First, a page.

So when management announced a few weeks ago that first-quarter sales would fall nearly 20% short of the $37 million consensus estimate and would grow just 11% on a year-over-year quarterly basis, investors quickly assigned a lower multiple on a lower growth rate. That double whammy has turned Imperva into one of the biggest losers of 2014.

Management's explanation for the shortfall didn't help provide support for the stock. "While our overall win rates remained consistent during the quarter, the extended sales cycles resulted from a combination of intensifying competition for large orders, which resulted in additional review and approval cycles," noted CEO Shlomo Kramer in a company press release. Most analysts quickly slashed their ratings to "neutral," as such problems can often extend out into several quarters.

Analysts at Sterne Agee, who had rated shares as "neutral" before the sudden plunge (due to lofty valuations) took a contrarian view. They actually boosted their rating to "buy" after the plunge, noting that "company fundamentals remain solid, despite remaining questions after the failed quarter and a necessary sales execution overhaul. Once the shock of the new guidance and the resulting knee-jerk sell-off clears out, the compelling product offering should allow for the company to reestablish the belief in its ability to resume accelerated growth."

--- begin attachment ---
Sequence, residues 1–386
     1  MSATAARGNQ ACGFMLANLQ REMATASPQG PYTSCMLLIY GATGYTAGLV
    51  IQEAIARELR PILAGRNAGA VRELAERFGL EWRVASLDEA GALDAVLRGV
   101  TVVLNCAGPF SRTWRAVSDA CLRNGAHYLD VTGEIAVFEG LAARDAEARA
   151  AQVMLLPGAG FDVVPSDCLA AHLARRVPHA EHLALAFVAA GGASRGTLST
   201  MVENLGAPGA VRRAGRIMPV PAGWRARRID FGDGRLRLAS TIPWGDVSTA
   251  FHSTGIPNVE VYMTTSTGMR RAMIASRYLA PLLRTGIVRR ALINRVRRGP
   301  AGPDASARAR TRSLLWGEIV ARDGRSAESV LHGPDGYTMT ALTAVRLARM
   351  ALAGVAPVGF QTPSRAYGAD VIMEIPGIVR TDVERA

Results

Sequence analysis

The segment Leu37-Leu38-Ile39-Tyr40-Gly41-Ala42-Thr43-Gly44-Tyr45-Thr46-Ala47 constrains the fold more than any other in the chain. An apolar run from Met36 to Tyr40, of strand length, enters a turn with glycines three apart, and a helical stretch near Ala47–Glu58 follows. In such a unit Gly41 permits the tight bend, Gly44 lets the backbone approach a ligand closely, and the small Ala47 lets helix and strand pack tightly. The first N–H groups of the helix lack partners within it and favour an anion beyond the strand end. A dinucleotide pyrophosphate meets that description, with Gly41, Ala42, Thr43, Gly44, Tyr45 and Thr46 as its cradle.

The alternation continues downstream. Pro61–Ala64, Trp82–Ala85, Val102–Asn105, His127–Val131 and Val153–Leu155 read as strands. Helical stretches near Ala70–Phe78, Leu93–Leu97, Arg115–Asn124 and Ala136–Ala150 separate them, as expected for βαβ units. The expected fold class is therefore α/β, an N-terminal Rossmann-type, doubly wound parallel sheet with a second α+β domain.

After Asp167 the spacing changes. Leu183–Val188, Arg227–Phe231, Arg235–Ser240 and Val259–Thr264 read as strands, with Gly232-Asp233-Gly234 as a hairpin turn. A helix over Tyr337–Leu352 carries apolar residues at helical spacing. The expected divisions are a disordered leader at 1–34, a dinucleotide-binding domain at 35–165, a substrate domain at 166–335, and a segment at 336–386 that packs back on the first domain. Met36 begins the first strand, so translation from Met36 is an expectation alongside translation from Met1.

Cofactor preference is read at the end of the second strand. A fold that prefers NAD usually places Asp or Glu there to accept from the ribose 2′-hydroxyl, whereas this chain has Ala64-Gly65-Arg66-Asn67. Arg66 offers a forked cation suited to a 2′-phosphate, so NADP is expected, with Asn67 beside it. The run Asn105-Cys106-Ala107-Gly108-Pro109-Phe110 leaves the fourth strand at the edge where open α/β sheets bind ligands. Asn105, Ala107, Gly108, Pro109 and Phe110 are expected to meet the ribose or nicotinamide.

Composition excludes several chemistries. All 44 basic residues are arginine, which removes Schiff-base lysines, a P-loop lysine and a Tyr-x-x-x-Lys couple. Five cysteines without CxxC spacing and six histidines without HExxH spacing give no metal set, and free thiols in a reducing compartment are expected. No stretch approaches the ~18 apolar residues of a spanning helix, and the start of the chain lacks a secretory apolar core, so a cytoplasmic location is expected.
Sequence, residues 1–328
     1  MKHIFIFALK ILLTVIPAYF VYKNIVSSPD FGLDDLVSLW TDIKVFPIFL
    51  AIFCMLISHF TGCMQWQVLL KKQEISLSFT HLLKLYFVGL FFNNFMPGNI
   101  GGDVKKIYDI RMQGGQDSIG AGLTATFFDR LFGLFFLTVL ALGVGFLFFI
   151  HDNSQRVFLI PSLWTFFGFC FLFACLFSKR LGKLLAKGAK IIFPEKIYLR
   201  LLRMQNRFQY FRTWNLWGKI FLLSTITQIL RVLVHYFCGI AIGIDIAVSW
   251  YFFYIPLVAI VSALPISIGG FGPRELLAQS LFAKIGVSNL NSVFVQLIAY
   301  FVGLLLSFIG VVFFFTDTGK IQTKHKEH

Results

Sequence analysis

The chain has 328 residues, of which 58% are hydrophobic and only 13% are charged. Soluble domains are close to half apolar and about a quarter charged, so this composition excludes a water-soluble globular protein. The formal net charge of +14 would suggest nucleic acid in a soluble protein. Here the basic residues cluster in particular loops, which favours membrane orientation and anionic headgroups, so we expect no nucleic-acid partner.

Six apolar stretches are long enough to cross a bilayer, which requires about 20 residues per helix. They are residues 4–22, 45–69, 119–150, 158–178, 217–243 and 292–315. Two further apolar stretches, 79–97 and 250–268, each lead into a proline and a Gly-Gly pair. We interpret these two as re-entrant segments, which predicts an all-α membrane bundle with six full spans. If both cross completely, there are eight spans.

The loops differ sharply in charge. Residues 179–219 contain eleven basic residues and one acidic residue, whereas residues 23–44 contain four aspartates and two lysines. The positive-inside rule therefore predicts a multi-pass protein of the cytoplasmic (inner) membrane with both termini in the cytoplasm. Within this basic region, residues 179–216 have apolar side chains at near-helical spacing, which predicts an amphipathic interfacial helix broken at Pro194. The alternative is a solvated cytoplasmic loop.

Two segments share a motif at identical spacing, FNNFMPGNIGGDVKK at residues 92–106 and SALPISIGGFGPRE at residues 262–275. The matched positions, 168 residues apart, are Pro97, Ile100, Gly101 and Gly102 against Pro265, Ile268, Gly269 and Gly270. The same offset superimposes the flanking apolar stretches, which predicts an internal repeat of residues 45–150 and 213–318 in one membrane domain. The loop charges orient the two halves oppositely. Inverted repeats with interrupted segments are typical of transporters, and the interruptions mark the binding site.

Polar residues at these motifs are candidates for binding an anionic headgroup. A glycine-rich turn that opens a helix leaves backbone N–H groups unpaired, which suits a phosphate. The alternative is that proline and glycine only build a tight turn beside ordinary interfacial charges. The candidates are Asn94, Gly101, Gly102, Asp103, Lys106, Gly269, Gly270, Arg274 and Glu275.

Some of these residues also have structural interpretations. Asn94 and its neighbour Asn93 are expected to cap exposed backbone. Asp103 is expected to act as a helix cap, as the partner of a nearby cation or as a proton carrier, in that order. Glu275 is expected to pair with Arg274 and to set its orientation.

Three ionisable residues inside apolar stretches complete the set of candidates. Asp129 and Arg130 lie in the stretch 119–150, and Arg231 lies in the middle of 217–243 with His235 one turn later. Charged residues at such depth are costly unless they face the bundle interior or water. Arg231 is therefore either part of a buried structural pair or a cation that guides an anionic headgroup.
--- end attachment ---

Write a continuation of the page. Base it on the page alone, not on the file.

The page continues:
Their $35 price target represents 30% upside. Consensus forecasts that sales growth should bottom out at around 15% this year, and rebound above 20% next year.

Risks to Consider: These companies are likely to need several quarters to restore the confidence of badly burned investors and analysts.

Action to Take --> Note that the new upside for these stocks is well below levels where they only recently traded. That represents the stark reality that the era of 30% sales growth has already passed. Still, the deep plunge appears to reflect a view that growth has simply evaporated, but Imperva and Infoblox appear capable of generating solid 20% sales growth once their sales force execution issues have been addressed. If they can restore that kind of growth, then both of these stocks could turn out deliver solid gains in the next 12 to 18 months.

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David Sterman does not personally hold positions in any securities mentioned in this article.
StreetAuthority LLC does not hold positions in any securities mentioned in this article.